Hunting was responsible for the decline and eventual extinction of the great auk
Archaeological evidence indicates that great auks have been hunted by humans since prehistoric times.
The oldest archaeological record of great auk hunting is from 500 years ago, in Boxgrove, southern England.
The Newfoundland population of great auks was an important source of meat and oil for European fishermen and whalers until much more recently.
The last great auk hunt took place on 3rd June 1844, on Eldey Island off southwestern Iceland, when a breeding pair was thoughtlessly slaughtered.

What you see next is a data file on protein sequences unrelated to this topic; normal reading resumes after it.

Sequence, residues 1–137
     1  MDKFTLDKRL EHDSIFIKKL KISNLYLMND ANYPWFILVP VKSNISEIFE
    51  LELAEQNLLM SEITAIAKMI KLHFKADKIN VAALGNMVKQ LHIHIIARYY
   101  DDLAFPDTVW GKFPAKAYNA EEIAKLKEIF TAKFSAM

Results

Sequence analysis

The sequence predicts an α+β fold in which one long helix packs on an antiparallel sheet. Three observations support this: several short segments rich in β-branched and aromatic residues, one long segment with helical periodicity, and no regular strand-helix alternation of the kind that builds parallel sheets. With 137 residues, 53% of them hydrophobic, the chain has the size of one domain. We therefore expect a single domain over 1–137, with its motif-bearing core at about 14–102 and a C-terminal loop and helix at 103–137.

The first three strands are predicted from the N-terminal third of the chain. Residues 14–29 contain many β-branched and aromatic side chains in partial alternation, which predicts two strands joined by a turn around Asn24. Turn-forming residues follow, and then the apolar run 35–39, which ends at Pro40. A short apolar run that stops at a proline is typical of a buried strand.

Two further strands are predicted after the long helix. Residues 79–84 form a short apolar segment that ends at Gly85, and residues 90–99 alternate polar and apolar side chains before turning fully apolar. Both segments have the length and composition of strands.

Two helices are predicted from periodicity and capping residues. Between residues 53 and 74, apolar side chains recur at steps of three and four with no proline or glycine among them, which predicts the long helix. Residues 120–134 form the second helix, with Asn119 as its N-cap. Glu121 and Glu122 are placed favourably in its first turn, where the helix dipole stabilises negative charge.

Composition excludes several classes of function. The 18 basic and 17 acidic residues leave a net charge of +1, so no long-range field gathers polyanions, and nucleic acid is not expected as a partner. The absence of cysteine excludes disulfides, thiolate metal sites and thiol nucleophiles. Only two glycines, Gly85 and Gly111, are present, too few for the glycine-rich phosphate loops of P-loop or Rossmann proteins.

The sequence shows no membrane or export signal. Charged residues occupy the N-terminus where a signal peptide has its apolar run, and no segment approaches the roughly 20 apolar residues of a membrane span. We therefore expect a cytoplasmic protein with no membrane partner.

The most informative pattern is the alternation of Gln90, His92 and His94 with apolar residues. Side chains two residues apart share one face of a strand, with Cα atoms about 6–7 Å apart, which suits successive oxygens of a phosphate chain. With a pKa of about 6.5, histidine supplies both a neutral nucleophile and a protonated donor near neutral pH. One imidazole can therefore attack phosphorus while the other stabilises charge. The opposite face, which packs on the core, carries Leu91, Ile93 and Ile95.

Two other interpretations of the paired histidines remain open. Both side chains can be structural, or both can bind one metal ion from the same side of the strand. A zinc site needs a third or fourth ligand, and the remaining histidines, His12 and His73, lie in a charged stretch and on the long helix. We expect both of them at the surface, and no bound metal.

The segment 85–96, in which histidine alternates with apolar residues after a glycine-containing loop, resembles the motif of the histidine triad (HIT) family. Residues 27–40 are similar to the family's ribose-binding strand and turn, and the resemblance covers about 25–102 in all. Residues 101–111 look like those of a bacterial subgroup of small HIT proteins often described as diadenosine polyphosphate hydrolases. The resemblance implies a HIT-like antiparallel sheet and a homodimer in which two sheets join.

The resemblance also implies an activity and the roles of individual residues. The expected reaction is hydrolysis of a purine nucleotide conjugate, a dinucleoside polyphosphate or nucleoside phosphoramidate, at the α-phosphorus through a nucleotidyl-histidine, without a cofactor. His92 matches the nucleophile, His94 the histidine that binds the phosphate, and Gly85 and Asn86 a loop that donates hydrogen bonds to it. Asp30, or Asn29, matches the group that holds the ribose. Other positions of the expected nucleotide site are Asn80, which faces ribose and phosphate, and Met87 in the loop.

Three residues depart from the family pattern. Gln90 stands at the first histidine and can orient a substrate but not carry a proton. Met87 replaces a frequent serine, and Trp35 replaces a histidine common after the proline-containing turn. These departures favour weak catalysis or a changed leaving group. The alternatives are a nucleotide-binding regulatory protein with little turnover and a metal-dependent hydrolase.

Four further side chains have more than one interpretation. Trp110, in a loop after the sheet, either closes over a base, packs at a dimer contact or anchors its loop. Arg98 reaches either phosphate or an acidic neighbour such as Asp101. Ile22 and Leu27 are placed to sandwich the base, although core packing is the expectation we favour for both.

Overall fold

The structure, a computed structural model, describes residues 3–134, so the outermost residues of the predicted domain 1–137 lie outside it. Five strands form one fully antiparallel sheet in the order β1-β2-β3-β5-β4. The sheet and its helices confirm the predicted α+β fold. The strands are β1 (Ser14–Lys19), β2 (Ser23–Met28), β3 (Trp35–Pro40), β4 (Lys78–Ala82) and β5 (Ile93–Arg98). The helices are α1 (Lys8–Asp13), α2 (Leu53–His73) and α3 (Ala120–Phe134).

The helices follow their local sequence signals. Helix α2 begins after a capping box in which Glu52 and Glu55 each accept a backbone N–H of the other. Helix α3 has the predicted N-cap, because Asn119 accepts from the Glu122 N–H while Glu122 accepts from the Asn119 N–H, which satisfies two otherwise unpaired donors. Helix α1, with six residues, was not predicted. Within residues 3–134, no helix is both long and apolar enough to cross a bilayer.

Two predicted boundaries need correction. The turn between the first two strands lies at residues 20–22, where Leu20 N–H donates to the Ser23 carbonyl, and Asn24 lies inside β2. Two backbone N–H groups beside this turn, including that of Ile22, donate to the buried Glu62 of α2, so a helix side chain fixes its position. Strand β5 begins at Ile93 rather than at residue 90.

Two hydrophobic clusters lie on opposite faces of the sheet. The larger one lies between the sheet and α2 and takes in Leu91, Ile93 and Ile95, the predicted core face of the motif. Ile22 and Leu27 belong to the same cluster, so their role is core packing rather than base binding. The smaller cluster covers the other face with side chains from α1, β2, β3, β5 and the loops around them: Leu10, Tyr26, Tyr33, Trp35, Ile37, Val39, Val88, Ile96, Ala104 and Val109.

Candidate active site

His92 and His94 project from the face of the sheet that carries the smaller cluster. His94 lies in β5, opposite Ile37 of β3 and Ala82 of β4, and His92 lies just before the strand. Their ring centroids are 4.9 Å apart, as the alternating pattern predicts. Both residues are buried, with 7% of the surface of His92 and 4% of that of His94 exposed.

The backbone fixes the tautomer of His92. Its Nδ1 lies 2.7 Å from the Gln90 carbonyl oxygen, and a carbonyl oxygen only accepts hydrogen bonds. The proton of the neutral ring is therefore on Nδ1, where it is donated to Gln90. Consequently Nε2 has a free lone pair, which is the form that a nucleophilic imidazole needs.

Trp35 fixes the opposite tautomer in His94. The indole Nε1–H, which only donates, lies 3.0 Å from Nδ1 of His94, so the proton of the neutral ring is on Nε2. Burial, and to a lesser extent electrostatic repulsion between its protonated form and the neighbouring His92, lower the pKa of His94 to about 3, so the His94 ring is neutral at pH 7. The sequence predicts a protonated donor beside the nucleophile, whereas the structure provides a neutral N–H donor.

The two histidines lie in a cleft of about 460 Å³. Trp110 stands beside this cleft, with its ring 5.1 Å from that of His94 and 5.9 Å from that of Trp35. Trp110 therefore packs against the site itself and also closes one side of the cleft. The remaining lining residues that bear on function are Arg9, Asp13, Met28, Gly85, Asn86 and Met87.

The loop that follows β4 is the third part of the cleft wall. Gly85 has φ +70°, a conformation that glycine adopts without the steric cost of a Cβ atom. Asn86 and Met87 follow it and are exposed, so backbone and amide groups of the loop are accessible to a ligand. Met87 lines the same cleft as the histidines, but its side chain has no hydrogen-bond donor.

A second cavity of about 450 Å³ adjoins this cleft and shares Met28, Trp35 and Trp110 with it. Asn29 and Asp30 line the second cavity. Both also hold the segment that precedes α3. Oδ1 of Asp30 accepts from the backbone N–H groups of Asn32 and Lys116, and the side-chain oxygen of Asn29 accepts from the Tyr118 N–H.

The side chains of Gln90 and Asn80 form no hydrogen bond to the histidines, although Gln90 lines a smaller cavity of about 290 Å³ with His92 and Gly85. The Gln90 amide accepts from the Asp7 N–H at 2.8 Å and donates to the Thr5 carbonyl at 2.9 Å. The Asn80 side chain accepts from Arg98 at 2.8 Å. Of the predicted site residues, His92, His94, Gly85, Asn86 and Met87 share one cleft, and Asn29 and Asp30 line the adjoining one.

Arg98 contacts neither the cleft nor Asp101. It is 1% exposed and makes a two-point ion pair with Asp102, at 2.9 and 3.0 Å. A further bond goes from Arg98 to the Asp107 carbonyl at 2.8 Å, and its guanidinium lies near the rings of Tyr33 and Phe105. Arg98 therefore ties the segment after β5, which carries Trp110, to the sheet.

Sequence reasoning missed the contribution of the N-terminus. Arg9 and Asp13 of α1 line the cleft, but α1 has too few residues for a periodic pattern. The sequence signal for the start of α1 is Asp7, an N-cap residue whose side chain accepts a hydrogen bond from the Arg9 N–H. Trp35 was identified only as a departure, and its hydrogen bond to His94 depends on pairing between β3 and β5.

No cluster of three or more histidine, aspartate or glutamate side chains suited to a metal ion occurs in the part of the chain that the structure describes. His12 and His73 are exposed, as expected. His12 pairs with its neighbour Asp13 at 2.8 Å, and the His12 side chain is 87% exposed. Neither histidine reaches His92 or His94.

There is some evidence that a few birds survived after this date, but not all of these sightings are reliable.
The birds were also hunted for their feathers. In 1775 Newfoundland unsuccessfully petitioned Britain to stop the massacre of sea birds. Ironically, as numbers declined, the great auk became more desirable to museums and specimen collectors.